Diane Coleman, President and CEO of Not Dead Yet, has a very good and very important piece in the New Jersey Star Ledger. In case you are not familiar with Not Dead Yet, they are a national disability rights group that works to oppose assisted suicide and euthanasia policies and practices.
New Jersey is yet another state contending with an assisted suicide bill that is being touted as a “help” for those who are terminally ill. Coleman responds to the often-made arguments of those pushing for “aid in dying.”
These arguments assert that physicians will only be able to assist in dying if the patient has less than six months to live. In addition, we are told that patients will be freely making the decision to end their own lives, that they will not be under duress or coercion, and that they will be in a healthy frame of mind.
- Predictions that someone will die in six months are often wrong
- People who want to die usually have treatable depression and/or need better palliative care
- Pressures to cut health care costs in the current political climate make this the wrong time to add doctor-prescribed suicide to the “treatment” options
- Abuse of elders and people with disabilities is a growing but often undetected problem, making coercion virtually impossible to identify or prevent.
Unlike the 2012 award winning film, Amour, which paints assisted suicide as a great love story, the stark reality is that some people are rightly afraid that their right to live might be taken from them. If groups like Not Dead Yet oppose such legislation, that should be a bright red flag to all of us who think this is just another choice to express our freedom and autonomy.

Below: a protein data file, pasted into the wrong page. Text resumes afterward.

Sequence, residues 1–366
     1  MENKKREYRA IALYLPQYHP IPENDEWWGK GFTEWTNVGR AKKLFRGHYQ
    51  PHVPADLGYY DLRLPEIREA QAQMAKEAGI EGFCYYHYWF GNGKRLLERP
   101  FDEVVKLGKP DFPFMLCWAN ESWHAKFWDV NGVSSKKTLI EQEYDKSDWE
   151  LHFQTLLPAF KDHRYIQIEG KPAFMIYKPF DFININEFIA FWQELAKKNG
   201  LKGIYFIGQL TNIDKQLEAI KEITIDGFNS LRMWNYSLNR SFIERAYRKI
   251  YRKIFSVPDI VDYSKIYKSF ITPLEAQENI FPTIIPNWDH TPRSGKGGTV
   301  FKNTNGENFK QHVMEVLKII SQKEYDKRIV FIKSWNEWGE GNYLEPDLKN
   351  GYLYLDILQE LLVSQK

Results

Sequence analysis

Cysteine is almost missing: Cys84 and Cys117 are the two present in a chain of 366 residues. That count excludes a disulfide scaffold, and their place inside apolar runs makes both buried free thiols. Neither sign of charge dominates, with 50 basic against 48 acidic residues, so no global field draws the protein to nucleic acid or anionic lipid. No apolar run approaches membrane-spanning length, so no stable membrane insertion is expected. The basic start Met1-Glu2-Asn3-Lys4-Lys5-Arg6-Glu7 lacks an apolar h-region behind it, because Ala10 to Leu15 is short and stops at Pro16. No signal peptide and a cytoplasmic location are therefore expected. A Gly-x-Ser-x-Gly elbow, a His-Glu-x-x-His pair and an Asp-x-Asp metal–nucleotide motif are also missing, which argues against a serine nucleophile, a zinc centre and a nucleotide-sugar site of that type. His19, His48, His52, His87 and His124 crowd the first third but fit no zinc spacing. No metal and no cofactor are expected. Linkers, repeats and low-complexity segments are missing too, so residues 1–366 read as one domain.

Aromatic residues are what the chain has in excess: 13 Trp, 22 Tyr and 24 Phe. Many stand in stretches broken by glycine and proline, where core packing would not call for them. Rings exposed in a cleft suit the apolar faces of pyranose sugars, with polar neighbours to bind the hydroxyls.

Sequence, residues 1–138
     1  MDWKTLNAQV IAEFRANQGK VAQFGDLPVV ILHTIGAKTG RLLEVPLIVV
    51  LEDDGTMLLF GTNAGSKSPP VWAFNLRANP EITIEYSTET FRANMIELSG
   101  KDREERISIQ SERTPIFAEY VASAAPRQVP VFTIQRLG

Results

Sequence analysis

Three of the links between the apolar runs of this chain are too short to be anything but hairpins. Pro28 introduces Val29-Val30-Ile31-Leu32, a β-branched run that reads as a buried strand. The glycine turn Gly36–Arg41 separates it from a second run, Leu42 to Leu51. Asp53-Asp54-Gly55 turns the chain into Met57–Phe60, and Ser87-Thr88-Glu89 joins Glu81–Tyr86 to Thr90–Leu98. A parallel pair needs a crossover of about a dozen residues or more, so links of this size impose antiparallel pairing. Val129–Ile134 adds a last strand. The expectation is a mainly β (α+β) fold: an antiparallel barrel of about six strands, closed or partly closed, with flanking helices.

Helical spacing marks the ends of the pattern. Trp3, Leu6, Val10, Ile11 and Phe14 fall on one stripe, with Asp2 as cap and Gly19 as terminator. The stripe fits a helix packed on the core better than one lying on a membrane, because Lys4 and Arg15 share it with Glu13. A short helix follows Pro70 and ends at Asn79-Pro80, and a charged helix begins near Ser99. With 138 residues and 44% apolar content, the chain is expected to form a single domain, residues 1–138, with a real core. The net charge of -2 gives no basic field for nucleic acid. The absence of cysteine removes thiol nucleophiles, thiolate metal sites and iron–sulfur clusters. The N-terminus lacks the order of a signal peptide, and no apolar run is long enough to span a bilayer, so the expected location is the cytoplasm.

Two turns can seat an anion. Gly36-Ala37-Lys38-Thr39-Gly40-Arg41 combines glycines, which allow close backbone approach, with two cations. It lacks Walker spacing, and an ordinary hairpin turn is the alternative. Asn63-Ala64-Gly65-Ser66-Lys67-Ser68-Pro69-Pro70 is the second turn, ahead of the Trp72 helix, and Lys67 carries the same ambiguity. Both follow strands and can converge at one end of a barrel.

- Jennifer Lahl, MA, BSN, RN, is founder and president of The Center for Bioethics and Culture Network. Lahl couples her 25 years of experience as a pediatric critical care nurse, a hospital administrator, and a senior-level nursing manager with a deep passion to speak for those who have no voice. Lahl’s writings have appeared in various publications including Cambridge University Press, the San Francisco Chronicle, the Dallas Morning News, and the American Journal of Bioethics. As a field expert, she is routinely interviewed on radio and television including ABC, CBS, PBS, and NPR. She is also called upon to speak alongside lawmakers and members of the scientific community, even being invited to speak to members of the European Parliament in Brussels to address issues of egg trafficking; she has three times addressed the United Nations during the Commission on the Status of Women on egg and womb trafficking.